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United States Patent 9,601,047
Miller ,   et al. March 21, 2017

Method for dimming electroluminescent display

Abstract

A method for controlling an electroluminescent display to produce first and second images for display wherein the second image has reduced luminance to reduce burn-in on the display, includes providing the electroluminescent (EL) display having a plurality of EL emitters, the luminance of the light produced by each EL emitter being responsive to a respective drive signal; receiving a respective input image signal for each EL emitter for each of a plurality of frames; transforming the input image signals for a first frame to provide a plurality of first drive signals to produce an image on the display; and transforming the input image signals for a second frame to a plurality of second drive signals using a dimming transform that operates on the input image signals for each frame to provide a peak frame luminance value for the second frame wherein the dimming transform includes an exponential function.


Inventors: Miller; Michael E. (Honeoye Falls, NY), White; Christopher J. (Avon, NY)
Applicant:
Name City State Country Type

Miller; Michael E.
White; Christopher J.

Honeoye Falls
Avon

NY
NY

US
US
Assignee: Global OLED Technology LLC (Herndon, VA)
Family ID: 1000002472643
Appl. No.: 12/271,321
Filed: November 14, 2008


Prior Publication Data

Document IdentifierPublication Date
US 20100123651 A1May 20, 2010

Current U.S. Class: 1/1
Current CPC Class: G09G 3/3208 (20130101); G09G 2300/0452 (20130101); G09G 2320/046 (20130101); G09G 2320/066 (20130101); G09G 2320/103 (20130101); G09G 2330/045 (20130101); G09G 2360/16 (20130101)
Current International Class: G09G 3/32 (20160101); G09G 3/34 (20060101)
Field of Search: ;315/151,169.3,360 ;345/20,32,77,89,102,204,690 ;348/155,254,675,687,634 ;353/94 ;356/437 ;358/538 ;375/240.22 ;382/103,170,190,254,274 ;396/382 ;710/1

References Cited [Referenced By]

U.S. Patent Documents
4338623 July 1982 Asmus et al.
6313878 November 2001 Jankowiak
6856328 February 2005 Holtslag
7826640 November 2010 Yao et al.
2003/0016881 January 2003 Matsuura
2005/0066068 March 2005 Karaoguz et al.
2005/0184926 August 2005 Wada et al.
2005/0237002 October 2005 Nakamura
2006/0055829 March 2006 De Haan
2006/0056023 March 2006 Malfait et al.
2006/0209005 September 2006 Pedram et al.
2008/0068359 March 2008 Yoshida et al.
2008/0116827 May 2008 Williams
2008/0150971 June 2008 Kienhoefer
2009/0046205 February 2009 Strasser et al.
2010/0080459 April 2010 Dai et al.
Foreign Patent Documents
2006/103629 Mar 2006 WO
Primary Examiner: Li; Lin
Attorney, Agent or Firm: Global OLED Technology LLC

Claims



The invention claimed is:

1. A method for controlling an electroluminescent (EL) display comprising a plurality of EL emitters to reduce burn-in on the display, the method comprising: receiving a respective input image signal for each EL emitter for each of a plurality of frames; transforming the input image signals for a first one of the plurality of frames to provide a plurality of first drive signals with a peak frame luminance to produce an image on the display; and transforming the input image signals for subsequent ones of the plurality of frames to a plurality of second drive signals using a dimming transform that operates on the input image signals for each subsequent frame to provide a peak frame luminance value for the subsequent frames wherein the dimming transform includes an exponential function, whereby: the transform is applied when the first input image signal is recognized as requiring a current to achieve the peak frame luminance above a defined current threshold.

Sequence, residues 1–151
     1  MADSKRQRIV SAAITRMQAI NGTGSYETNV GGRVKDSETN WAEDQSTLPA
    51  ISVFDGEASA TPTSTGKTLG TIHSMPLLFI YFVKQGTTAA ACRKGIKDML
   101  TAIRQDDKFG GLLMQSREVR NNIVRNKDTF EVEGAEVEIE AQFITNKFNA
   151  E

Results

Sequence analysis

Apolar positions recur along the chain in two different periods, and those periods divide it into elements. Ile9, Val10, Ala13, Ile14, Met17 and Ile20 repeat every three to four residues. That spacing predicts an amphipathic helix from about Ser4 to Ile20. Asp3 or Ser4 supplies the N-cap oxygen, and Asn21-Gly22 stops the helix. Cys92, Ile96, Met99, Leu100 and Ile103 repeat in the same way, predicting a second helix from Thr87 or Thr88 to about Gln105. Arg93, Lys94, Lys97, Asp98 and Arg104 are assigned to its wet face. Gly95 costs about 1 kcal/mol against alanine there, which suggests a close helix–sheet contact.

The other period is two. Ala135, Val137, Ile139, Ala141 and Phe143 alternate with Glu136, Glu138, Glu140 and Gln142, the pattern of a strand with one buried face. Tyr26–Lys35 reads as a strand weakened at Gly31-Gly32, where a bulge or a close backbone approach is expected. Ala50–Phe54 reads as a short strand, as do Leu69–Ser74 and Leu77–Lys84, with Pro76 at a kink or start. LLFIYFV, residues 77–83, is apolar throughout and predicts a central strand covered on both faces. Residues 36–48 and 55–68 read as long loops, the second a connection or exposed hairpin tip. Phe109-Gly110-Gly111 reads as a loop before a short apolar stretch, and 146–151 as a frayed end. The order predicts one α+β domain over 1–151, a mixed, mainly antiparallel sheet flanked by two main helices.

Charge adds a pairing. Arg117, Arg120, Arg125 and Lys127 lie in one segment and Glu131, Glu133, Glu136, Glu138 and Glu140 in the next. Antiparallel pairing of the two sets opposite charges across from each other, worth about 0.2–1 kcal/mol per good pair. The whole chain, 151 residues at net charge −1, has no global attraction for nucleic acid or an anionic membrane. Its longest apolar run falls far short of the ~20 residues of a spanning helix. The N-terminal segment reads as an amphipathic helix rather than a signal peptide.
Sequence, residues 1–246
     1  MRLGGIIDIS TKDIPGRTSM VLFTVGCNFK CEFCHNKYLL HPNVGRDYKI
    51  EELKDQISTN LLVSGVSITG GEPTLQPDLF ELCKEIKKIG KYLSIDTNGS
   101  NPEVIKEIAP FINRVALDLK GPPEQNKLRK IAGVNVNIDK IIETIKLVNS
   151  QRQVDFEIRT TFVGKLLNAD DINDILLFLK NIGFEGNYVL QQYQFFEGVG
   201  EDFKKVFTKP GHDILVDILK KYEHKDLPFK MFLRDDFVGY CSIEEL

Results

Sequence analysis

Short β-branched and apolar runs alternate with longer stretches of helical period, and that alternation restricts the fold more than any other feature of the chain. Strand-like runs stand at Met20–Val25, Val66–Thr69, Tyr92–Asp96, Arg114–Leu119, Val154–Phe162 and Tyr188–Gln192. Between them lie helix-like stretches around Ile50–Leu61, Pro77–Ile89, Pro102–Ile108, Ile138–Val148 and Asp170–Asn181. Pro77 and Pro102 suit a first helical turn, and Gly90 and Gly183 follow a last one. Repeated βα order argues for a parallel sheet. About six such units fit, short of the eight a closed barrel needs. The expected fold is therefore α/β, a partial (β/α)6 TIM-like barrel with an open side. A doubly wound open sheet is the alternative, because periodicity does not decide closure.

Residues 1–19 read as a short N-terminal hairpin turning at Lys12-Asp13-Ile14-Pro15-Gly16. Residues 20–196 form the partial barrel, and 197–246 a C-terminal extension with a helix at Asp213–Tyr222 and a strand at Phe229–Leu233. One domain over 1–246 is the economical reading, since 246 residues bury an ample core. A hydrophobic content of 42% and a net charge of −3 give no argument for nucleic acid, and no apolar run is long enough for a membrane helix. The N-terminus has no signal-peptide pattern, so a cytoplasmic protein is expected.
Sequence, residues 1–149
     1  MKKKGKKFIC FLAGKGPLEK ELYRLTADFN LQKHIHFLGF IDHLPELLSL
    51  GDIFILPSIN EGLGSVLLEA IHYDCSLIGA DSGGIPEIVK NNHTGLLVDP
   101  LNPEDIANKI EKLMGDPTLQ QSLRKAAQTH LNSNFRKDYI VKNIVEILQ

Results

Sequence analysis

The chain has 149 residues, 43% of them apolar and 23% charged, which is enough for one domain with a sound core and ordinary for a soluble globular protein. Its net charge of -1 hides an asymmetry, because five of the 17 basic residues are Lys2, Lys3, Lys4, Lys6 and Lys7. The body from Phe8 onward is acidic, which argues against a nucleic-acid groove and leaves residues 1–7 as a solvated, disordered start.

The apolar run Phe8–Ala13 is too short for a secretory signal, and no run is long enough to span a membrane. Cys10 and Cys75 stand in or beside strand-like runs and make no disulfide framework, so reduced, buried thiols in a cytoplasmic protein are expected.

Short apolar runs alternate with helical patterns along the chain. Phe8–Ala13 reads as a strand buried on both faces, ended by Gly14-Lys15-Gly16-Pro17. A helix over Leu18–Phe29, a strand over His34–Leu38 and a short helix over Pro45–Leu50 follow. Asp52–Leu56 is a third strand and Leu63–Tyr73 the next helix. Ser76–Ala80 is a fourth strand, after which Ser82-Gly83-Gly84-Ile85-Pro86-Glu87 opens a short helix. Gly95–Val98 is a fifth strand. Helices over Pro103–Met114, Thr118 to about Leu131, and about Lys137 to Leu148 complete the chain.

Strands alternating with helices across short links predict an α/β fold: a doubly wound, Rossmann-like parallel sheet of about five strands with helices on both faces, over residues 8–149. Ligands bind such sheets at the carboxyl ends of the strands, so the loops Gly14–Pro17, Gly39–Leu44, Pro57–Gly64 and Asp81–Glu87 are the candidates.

2. A method for controlling an electroluminescent (EL) display comprising a plurality of EL emitters to reduce burn-in on the display, the method comprising: receiving a respective input image signal for each EL emitter for each of a plurality of frames; transforming the input image signals for a first one of the plurality of frames to provide a plurality of first drive signals to produce an image on the display; and transforming the input image signals for subsequent ones of the plurality of frames to a plurality of second drive signals using a dimming transform that operates on the input image signals for each subsequent frame to provide a peak frame luminance value for the subsequent frames wherein the dimming transform includes an exponential function, whereby: the transform is applied when the temperature of the display is recognized as exceeding a defined temperature threshold value.
Description



CROSS REFERENCE TO RELATED APPLICATION

Reference is made to commonly-assigned, co-pending U.S. patent application Ser. No. 12/271,355, filed concurrently herewith entitled "Tonescale Compression For Electroluminescent Display" by Miller et al, the disclosure of which is incorporated by reference herein.

FIELD OF THE INVENTION

The present invention relates to electroluminescent display systems. Particularly, the present invention provides a method for rapidly dimming an electroluminescent display while in a visually indistinguishable manner. Further embodiments are provided which maintain shadow detail.

BACKGROUND OF THE INVENTION

Many display devices exist within the market today. Among the displays that are available are thin-film, coated, electroluminescent (EL) displays, such as organic light-emitting diode (OLED) displays. These displays can be driven using an active matrix or passive matrix back plane. Regardless of the technology that is applied, these display devices are typically integrated into a system that involves a controller for receiving an input image signal, converting the input image signal to an electronic drive signal and supplying the electronic drive signal to the electroluminescent display device which drives an array of emitters to produce light in response to the drive signal.